If I want to run a Windows 7 and a Windows 10 VM simultaneously, or use an ICR app in one of my Windows VMs, the 8GB simply isn't sufficient - but, for that matter, the rMB is not designed for this purpose and so the CPU isn't sufficient either. When I need to run both simultaneously, I do that on the 15-inch MacBook Pro with 16 GB of RAM.

    Considering the lack of upgradability, how many owners keep their Apple computers for a long time, and how it is difficult to predict how usage patterns will change during this long period of ownership, I think 16 GB often makes sense - I also think it may be more justifiable if that one machine is someone's primary computer, or if the owner is dead-set on keeping that specific machine for X amount of time and is strongly opposed to upgrading the machine sooner should their usage patterns/needs change.

    With that said, there are situations where one may have to pay $400-550 more to get the exact same system with 16 GB of RAM instead of 8 GB - in regards to the nTB or rMB, that's a third the price of a replacement system, and this could enable being able to upgrade the system sooner. I opted for 8 GB on my nTB because the 2.0/8/256 model was on a great sale (where as I would have had to pay $450 more for 2.0/16/256) and I knew I would not keep it as long as my other Macs - it did what I needed and less than a year later I sold it. I was able to get my 2017 rMB on a good sale in the base 1.2/8/256 configuration, which again justified going for the 8 GB option since I have a 15-inch MBP. Further, should issues of keyboard longevity arise, or should this machine wear faster because it is used as my primary mobile device, I'll be less frustrated replacing it outright as my initial investment was lower.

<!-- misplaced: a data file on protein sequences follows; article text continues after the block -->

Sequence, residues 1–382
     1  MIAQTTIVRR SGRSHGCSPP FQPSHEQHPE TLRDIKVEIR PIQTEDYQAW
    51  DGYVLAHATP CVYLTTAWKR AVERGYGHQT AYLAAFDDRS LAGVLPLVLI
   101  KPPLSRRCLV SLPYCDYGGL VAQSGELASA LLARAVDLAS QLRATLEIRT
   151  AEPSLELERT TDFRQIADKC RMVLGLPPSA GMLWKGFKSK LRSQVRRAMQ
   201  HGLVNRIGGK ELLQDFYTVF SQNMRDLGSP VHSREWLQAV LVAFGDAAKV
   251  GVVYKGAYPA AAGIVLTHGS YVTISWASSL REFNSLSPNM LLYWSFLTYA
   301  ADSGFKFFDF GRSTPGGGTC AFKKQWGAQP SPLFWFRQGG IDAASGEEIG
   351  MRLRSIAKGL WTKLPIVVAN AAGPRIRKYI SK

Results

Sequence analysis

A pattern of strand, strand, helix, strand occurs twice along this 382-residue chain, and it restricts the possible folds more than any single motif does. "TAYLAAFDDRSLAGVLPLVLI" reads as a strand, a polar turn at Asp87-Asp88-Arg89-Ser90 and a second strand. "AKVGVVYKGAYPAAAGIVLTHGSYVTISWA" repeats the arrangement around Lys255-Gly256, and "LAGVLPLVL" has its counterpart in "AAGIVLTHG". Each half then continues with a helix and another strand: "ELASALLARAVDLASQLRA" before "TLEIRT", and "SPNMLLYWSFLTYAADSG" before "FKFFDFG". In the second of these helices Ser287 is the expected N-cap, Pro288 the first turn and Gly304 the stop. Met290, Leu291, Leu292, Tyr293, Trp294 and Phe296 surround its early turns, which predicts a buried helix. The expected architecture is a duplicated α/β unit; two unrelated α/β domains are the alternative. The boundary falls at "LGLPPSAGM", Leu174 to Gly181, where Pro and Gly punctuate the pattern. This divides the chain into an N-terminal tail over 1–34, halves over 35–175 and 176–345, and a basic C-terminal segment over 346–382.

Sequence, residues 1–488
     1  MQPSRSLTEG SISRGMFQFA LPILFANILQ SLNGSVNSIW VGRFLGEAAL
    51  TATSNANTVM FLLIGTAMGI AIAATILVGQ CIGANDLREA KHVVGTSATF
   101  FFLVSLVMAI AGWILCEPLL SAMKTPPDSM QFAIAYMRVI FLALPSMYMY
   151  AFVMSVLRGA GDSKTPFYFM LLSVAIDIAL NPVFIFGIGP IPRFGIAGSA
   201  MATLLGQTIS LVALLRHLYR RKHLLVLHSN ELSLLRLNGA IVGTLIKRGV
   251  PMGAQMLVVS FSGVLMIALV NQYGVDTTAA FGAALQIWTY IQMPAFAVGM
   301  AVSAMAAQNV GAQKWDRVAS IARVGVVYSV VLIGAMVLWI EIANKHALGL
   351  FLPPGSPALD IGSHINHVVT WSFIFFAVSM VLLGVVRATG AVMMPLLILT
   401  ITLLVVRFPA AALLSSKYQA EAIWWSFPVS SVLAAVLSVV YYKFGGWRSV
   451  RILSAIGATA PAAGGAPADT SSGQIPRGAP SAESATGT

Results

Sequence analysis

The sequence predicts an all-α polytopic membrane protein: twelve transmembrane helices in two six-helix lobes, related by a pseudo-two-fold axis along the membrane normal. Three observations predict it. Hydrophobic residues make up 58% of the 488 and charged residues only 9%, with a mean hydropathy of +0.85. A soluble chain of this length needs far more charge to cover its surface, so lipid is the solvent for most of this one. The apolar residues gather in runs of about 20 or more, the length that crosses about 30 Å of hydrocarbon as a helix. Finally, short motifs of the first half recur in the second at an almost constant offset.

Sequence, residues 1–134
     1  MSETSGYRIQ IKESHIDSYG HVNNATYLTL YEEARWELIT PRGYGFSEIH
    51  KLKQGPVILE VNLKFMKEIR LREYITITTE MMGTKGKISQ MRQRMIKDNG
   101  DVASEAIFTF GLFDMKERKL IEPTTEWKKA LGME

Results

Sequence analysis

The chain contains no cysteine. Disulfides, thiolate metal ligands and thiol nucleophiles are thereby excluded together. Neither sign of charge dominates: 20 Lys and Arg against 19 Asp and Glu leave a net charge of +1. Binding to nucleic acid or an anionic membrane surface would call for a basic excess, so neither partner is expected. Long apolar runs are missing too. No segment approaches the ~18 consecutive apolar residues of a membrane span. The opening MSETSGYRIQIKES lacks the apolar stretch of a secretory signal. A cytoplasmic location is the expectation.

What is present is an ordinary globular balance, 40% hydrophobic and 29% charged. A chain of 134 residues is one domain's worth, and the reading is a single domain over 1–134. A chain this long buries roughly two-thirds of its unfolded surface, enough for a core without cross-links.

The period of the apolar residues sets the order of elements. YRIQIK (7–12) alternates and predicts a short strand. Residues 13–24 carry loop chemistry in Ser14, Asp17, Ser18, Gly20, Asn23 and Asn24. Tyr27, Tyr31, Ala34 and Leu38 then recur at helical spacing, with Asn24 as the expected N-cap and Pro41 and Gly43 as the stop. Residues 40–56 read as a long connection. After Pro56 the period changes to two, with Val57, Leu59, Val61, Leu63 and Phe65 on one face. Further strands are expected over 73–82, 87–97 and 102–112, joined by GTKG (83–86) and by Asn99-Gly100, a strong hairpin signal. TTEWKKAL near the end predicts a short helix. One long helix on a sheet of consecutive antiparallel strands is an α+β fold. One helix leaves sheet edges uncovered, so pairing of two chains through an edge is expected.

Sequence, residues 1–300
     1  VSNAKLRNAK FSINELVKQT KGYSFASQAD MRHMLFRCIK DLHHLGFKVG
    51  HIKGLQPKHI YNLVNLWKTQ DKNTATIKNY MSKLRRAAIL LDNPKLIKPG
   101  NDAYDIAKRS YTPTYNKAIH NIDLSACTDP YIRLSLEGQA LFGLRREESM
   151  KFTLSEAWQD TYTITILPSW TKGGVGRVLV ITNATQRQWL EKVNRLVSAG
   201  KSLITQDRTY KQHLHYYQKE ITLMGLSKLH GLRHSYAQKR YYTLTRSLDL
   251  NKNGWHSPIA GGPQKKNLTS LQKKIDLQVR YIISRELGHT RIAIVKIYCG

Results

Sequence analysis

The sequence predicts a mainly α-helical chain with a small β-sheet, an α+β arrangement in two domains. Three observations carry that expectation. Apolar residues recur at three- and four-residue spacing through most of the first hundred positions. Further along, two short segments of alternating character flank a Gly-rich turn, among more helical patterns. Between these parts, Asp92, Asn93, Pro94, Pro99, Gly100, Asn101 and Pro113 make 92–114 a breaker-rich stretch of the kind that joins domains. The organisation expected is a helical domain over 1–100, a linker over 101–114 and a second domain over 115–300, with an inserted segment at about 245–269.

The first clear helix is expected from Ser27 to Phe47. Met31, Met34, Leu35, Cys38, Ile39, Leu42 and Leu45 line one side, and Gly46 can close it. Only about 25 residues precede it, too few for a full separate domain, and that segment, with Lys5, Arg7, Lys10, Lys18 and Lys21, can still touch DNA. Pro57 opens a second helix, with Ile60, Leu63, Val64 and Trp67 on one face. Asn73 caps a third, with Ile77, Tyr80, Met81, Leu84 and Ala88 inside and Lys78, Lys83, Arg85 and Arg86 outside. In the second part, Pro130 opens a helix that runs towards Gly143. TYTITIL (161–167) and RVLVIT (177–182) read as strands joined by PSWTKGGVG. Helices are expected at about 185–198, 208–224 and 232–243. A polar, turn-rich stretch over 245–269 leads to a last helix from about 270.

10. EugW macrumors 603

    EugW

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    #10
    It may not apply on current machines as much but on older machines that memory pressure graph and memory usage table would really concern me. Once I hit that type of usage, I'd notice slowdowns and occasional beachballs even without hitting the swap or the memory pressure hitting red. I suspect part of it is due to the CPU overhead and lag from having to do memory compression.

    Memory compression is a great technology, but it is not a replacement for having sufficient RAM.

    I also generally keep my laptops a very long time, more than 5 years. If I had planned on keeping my machine only 1-2 years, I would most definitely have got it with just 8 GB. But in any case, I'm like you. My primary machine is an iMac and it has 24 GB RAM. My main laptop is a MacBook with 16 GB, but I do have secondary laptops with 8 GB and 4 GB respectively.
     
  11. EugW macrumors 603

    EugW

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    #11
    Probably because a lot of people who buy the 13" either have lighter needs or else have lower budgets, or both. Plus, not everyone keeps their laptops for 6 years.

    I think 8 GB is a good baseline standard. I bought a 16 GB MacBook, but truth be told, for 95% of my usage, 8 GB is fine for me, at least for now. 16 GB for the baseline is overkill, and would price entry level Macs way too high. However, 16 should always be an option of course, as should 32 GB esp. for the 15". It's sad that the power users have had to wait so long for a 32 GB option, but 2018 should finally be the year when it comes.